... Anyone who has been paying attention to the American economy for the past 150 years knows that big business hates the free market. Free markets are bad for business because it allows for competition. Big business loves big government intervention as long as it intervenes in favor of their business and it helps out their interests. ... Much that is wrong with the conservative movement can be traced to the unholy marriage forged between the Republican Party and big business interests. We embraced the idea that big business was important to the American economy instead of recognizing that the real strength was the free market.

This argument isn’t new. Many conservatives, including the Washington Examiner’s Tim Carney, have long argued that capitalism isn’t the problem; “crony capitalism” is. In his 2006 book, The Big Ripoff: How Big Business and Big Government Steal Your Money, Carney argued that large corporations are antithetical to truly free markets because they have the power and influence to curtail competition and survive regulations only they have the financial ability to endure. “The threat to American capitalism? The ‘capitalists’ themselves,” he wrote.

I reached out to Carney, and he told me that since 2006, the influence of populism and the close relationship between the Democratic Party and corporate interests had changed the game for many Republicans. “Trump’s populism and Obama’s corporatism broke Republicans of that reflexive pro-business stance,” he said. “Now they run the risk of the opposite problem, pushing regulations to control politically antagonistic companies. The irony is that, again, regulation will serve to protect these industry giants.”

And later in O’Connor’s piece, he gives the real game away. He’s not arguing in favor of increased regulation of all businesses to encourage fairness, competition, and better business practices. Rather, he’s aiming his ire at specific companies because he’s aghast at the “far left” attitudes of corporations like Amazon and Google:

Add to the mix the fact that we’ve seen these corporations and the scions who run them lurch to the far left in how they run their businesses, affect our culture and fund their favorite politicians and it’s pretty reasonable for a conservative to question how American taxpayers are enriching these individuals and their companies.

He compared the conservative push in favor of regulation (to limit the power of left-leaning companies) to past efforts by conservatives, including presidents, to create their own media outlets and invalidate others as biased at best and “fake news” at worst. In 1964, GOP candidate Barry Goldwater’s campaign gave reporters pins that said “Eastern Liberal Press.” And in 1968, Richard Nixon went further, ordering his special counsel, Charles Colson, to push a book alleging that the major television networks were biased against him (and followed “the elitist-liberal-left line in all controversies”) onto the New York Times best-seller list.

Trying to create “an emotional wedge issue”

I spoke with Roslyn Layton, a visiting scholar at the American Enterprise Institute, who told me that in her work, she saw potential for conservatives and liberals to come together and agree on three major courses of action with regard to social media companies: more competition in platforms, transparency in how platforms are managed (in other words, more clarity about who gets banned from a platform and who doesn’t), and consistent consumer protections online.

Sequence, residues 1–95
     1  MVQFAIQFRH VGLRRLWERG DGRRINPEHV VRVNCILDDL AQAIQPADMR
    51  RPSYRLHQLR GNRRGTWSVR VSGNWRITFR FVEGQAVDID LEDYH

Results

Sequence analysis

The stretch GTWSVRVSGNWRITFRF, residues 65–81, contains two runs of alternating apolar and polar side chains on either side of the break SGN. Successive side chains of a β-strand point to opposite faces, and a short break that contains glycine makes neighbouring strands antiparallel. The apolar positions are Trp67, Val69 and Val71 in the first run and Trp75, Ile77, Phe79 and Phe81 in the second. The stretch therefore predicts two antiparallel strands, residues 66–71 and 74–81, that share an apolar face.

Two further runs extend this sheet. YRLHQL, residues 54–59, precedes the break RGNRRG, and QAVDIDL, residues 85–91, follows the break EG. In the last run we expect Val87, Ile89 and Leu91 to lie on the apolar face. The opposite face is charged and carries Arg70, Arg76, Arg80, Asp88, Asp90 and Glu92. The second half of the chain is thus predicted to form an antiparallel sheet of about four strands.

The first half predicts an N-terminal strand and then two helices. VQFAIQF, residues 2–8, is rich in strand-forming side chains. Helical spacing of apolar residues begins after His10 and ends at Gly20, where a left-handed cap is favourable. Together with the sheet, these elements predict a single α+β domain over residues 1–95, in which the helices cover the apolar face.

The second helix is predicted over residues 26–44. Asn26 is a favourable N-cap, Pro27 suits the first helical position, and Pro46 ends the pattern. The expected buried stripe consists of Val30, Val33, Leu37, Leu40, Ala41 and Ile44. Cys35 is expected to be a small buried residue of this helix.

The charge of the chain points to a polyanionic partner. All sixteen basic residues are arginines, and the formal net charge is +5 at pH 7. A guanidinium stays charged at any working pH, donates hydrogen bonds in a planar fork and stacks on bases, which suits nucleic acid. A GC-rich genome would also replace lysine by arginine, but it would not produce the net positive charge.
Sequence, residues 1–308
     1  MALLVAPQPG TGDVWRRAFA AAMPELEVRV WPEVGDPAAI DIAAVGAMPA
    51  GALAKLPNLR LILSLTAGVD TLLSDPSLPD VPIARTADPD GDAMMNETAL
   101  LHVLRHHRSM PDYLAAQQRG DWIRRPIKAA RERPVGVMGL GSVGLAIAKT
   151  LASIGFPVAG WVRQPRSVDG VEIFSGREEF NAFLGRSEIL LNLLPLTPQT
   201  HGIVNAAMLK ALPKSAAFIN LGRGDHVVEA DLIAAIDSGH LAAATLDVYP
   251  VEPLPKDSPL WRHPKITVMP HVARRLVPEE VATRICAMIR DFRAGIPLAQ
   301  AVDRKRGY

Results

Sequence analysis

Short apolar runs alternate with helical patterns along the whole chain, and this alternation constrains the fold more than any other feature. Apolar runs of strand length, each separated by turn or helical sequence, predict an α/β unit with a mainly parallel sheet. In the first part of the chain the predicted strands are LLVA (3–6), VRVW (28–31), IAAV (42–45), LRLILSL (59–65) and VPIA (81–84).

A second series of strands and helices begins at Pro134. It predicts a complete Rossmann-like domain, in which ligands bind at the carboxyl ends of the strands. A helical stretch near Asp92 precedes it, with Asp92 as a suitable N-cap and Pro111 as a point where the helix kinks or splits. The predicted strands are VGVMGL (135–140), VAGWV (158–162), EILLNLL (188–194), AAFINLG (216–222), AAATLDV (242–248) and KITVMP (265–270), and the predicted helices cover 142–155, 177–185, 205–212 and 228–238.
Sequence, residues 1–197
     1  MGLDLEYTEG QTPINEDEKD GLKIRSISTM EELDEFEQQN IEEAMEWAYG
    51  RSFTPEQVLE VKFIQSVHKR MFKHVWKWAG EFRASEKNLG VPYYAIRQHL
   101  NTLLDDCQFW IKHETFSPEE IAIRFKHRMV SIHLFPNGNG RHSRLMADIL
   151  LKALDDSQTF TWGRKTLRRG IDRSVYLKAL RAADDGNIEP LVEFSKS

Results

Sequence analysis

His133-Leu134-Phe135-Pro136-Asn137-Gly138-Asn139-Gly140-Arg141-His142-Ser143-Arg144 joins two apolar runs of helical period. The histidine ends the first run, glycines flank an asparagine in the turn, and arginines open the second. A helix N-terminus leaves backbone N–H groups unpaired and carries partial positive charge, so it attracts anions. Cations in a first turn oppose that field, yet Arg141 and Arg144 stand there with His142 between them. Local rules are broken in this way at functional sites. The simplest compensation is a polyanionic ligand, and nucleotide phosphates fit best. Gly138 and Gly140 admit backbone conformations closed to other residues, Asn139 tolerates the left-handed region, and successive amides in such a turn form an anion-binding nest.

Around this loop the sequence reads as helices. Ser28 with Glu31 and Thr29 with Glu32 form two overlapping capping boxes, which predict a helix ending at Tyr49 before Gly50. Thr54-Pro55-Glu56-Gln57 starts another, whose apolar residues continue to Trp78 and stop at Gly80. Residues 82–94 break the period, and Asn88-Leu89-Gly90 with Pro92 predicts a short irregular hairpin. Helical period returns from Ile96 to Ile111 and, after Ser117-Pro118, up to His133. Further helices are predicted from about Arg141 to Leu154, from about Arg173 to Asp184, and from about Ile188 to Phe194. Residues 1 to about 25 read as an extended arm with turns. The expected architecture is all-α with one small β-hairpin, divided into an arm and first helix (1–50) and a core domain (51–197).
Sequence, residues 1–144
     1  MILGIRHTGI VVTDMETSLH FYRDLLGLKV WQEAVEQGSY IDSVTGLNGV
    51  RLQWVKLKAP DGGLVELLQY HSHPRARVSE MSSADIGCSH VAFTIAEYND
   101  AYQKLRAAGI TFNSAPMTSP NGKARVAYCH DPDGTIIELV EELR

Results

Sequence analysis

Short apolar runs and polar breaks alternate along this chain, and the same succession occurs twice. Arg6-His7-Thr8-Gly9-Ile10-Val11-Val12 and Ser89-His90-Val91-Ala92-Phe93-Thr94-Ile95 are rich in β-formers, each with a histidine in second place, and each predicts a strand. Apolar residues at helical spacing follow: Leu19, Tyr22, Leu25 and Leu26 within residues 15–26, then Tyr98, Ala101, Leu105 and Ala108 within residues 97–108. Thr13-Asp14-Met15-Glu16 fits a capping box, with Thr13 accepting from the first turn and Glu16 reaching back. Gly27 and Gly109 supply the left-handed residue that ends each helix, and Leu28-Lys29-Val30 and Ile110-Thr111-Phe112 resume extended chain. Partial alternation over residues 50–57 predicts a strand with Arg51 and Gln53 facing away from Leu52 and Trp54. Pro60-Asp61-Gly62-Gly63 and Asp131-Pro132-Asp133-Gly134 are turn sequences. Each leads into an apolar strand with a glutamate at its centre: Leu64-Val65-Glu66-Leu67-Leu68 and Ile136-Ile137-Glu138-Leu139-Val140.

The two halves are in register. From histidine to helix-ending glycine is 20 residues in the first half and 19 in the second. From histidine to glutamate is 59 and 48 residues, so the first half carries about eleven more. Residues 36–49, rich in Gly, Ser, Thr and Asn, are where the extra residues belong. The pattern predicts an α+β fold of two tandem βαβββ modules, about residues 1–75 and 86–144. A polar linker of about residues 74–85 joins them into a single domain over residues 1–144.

She said the Federal Trade Commission could get involved, and added: “If Twitter throws you off their platform, they should explain why. ... It’s not that you need to regulate YouTube and Twitter per se, but you need to hold them to account to be transparent about their practices.”

But Pethokoukis, also of the American Enterprise Institute, said that some on the right aren’t making a logical argument about regulation, but an emotional one intended to garner clicks and pageviews — rather than proposing real, substantive actions to be taken by Congress that would apply to all tech companies equally.

And many conservatives, he said, seem to be treating Twitter, Amazon, and Google like “forever companies” that will never diminish in power or stature. But it’s worth remembering that Yahoo was once one of the most powerful tech companies in the world, and BlackBerrys once dominated the cellphone market.

As Kent, of Young Voices, said: “To embrace that line of thinking means accepting that Facebook, Google, and Twitter are the present and future of social media. You’d have to disregard all the scenarios in which these companies eventually decline or get edged out of the market by new innovations and unforeseen shifts in consumer preferences.”

But telling voters or donors or fans of conservative YouTube series to “just create your own Twitter” doesn’t have the same visceral appeal as demanding hearings on “shadow banning,” Pethokoukis said.

“If the goal here is to get attention, ‘break ’em up, regulate em’ is a far more compelling message than a wonky ‘let’s change regulations or tax rates and we can organically change the industry’ argument,” he said.

In short, this is an “emotional wedge issue,” he added, intended “to get people fired up.” He said that telling conservatives to simply develop platforms of their own “just [doesn’t] have that kind of oomph.”